( - The resurgence of Ricky Romero continued Wednesday night at Coca-Cola Field.

Coming off three straight encouraging starts, he had another against the Gwinnett Braves. The southpaw was in line for his first win in eight total starts for the Buffalo Bisons until the Braves rallied for a pair in the ninth to come back and defeat the Herd, 5-4.

Even on a night he admittedly didn't have his best stuff and velocity, Romero adjusted his strategy and found a way to allow just one unearned run in seven innings of work.

"There's going to be those games where you have it and when you don't have it, and you have to battle with what you have," Romero said. "That's what I did tonight."

"Ricky was outstanding," manager Marty Brown said. "We're seeing him pitch (Wednesday) without his best stuff. That tells you right there, he's making huge strides and getting back to where he needs to be.

"He had to figure out a different game plan after the first inning, and he did it. So I was very, very pleased with what I saw in Ricky."

Exiting with a 4-1 lead after the seventh, the Herd's bullpen was unable to get that elusive initial win as Bison for Romero. A two-run home run in the eighth by Joey Terdoslavich set up a wild top of the ninth.

Buffalo was clinging to a one-run lead with runners on first and second and two outs in the final inning. The lead was shortly after gone on a bloop single to center by Todd Cunningham.

Anthony Gose bobbled the ball when trying to pick the hit up, allowing Jose Yepez to score. He then lofted the ball into the infield. That's when an alert and speedy Jose Constanza, who made it to third on the bobble, took off for home and reached without a throw to give the Braves the lead.

John Stilson pitched the ninth and took the loss and blown save.

Working seven innings was the most Romero has thrown for the Herd, and he added six strikeouts - his previous high this year was three in each of the last three starts - while walking three. He threw only 87 pitches, 53 for strikes, and aside from a 22-pitch second, didn't throw more than 14 pitches in any inning, and tossed only eighth and then six in his final two.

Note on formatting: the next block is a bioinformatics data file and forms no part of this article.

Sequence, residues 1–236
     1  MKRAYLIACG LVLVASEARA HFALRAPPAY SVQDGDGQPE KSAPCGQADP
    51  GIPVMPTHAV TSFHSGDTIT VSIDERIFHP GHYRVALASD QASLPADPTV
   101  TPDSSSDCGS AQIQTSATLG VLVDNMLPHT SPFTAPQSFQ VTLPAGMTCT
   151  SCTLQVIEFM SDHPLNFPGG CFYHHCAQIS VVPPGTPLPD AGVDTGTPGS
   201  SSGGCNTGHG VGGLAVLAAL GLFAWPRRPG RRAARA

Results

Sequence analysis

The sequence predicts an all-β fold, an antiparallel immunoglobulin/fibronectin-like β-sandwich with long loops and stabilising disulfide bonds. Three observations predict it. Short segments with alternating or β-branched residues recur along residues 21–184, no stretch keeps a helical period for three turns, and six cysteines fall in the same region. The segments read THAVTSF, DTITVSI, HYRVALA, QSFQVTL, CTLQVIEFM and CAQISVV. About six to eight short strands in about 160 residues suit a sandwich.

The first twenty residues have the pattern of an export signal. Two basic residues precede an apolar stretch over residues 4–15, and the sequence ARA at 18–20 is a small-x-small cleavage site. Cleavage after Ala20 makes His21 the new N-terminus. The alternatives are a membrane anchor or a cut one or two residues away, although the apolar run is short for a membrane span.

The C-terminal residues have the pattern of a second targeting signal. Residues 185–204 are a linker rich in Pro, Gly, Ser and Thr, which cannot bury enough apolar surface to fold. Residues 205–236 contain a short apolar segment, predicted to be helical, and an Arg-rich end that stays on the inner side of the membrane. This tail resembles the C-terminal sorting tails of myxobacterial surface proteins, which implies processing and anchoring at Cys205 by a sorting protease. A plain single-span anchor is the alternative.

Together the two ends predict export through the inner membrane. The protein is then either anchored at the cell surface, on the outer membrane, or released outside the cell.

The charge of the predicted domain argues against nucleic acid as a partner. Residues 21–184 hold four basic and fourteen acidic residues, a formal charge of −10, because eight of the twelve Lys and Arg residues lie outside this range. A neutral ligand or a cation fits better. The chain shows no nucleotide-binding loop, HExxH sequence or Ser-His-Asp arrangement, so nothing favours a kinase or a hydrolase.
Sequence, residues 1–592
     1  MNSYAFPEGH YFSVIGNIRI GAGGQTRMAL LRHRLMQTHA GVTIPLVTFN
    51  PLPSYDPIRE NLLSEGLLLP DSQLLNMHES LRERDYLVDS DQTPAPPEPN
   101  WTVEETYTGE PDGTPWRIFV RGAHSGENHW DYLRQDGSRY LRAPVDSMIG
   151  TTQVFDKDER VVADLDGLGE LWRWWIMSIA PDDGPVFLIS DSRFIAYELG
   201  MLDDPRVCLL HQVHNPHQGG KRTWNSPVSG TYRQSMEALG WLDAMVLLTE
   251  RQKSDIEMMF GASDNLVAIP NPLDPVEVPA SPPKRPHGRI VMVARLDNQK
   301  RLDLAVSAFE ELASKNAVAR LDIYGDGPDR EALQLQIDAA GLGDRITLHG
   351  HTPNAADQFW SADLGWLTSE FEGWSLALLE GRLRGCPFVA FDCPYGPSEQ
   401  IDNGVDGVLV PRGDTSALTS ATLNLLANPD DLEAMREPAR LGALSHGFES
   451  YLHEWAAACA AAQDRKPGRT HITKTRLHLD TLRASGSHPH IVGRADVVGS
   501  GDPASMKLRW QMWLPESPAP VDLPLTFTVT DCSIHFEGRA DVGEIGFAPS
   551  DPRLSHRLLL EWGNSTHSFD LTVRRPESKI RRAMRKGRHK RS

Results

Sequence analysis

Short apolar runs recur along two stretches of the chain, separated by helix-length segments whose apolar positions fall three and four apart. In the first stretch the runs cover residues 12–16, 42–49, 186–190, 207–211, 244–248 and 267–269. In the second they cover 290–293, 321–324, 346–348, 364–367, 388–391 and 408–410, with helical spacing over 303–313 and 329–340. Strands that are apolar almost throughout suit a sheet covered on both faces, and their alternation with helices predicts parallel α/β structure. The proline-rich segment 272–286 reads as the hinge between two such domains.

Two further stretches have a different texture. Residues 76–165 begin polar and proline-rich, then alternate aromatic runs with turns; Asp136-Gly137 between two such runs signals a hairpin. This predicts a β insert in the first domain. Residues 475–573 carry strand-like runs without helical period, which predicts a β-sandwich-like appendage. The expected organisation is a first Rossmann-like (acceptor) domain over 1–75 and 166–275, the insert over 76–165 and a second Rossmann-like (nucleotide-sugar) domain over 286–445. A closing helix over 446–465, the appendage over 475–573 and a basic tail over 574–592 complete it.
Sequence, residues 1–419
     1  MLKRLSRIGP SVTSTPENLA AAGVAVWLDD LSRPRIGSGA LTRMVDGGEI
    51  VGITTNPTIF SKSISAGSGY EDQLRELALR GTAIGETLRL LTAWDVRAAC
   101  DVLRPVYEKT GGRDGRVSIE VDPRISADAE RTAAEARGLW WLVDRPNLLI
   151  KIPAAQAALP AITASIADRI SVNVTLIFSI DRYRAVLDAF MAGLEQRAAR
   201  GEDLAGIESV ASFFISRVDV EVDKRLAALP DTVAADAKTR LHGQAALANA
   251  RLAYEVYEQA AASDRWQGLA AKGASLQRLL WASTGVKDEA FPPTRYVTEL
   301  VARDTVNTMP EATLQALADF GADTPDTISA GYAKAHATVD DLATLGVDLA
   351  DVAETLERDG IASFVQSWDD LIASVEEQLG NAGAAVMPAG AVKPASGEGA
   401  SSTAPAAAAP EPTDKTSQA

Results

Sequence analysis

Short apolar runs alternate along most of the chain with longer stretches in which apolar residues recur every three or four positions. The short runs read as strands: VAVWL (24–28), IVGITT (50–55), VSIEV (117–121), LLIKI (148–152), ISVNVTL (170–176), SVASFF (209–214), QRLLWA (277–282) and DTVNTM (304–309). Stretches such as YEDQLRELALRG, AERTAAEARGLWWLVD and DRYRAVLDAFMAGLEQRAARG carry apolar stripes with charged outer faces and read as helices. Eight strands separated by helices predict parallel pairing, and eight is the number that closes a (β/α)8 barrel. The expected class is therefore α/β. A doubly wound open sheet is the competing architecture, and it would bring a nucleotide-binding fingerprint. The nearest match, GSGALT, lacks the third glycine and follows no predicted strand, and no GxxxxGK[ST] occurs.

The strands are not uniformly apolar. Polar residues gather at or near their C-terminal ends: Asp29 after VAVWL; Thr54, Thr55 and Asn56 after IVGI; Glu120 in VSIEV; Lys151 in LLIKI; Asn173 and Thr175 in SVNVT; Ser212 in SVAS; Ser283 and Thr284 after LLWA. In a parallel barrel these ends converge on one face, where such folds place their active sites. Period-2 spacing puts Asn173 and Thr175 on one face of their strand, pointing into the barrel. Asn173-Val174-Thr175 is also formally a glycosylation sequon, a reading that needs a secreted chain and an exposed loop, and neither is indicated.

Not having the desired speed, Romero was forced to change his approach to hitters. And, as he has the last three starts, which includes six innings of two-hit, scoreless ball in his previous outing last Friday in Pawtucket, the 2011 All-Star for the Toronto Blue Jays attacked hitters.

Romero noted he wasn't afraid to go at hitters, a mindset that has seemed to turn his season around and lower his ERA from the teens less than a month ago, to 6.69 now.

"Maybe the velocity wasn't there but I had a lot of good sinking action," Romero said. "I think the biggest thing in all of this is learning how to pitch. You can never stop learning in this game and you take a little off and you add a little more whenever you need to. My bread and butter has always been, let the defense work, and that's what I did."

While Romero was in the game, the Braves didn't register multiple hits in any frame. They were able to end Romero's scoreless innings streak at 10 innings in the fifth, though the run was unearned due to a passed ball early in the inning. In Romero's last23 innings, 20 of them have been scoreless.

Romero is beginning to just worry about one pitch at a time to get the best results possible. He knows its cliché, but it's apparent that it is functioning.

"Just staying in the moment and not trying to jump ahead and start thinking 'What's going to happen next?'" Romero said. "Right now, it's just this pitch and throwing at the hitter."

Romero had help in establishing himself in the game. The Bisons were able to get to Braves' starter Yohan Flande and build a 4-0 lead.

Mauro Gomez extended the Herd's lead to 2-0 in the bottom of the third, lifting a 1-2 offering over the fence in left-center. The solo shot was his 19th big-fly of the season, but only the fourth the International League's home run leader has hit at Coca-Cola Field.

The Bisons added even more to the lead later in the inning. Jim Negrych doubled in Moises Sierra and Sean Ochinko plated Negrych when he reached on an error to cap off a three-run inning.

Gomez, the International League's leader in home runs made a bid for his second blast two innings later, unleashing one to straightaway center.

He made a bid for his second blast of the game two innings later, unleashing one to straightaway center. It had home-run distance, but Cunningham made a sensational play to stymie the ball and take away a home run. On the run all the way to the fence, he jumped and reached his mitt back over the wall to make the catch at the pinnacle of his jump.

Missing out on the win won't deter anyone's positive feelings about Romero's strong outing. As it's been the last few starts, Wednesday was another baby step toward Romero getting back to form. Lately, he's been proving the small steps are really the biggest.

"He figured out a way to compete without his best stuff," Brown said. "He mixed his pitches well. He used his two-seamer a lot, his change-up was effective. He didn't throw his breaking ball as much as he did his last outing, but it had tremendous bite to it.

"He's where he needs to be right now. He's inching his way forward to get back to where he was."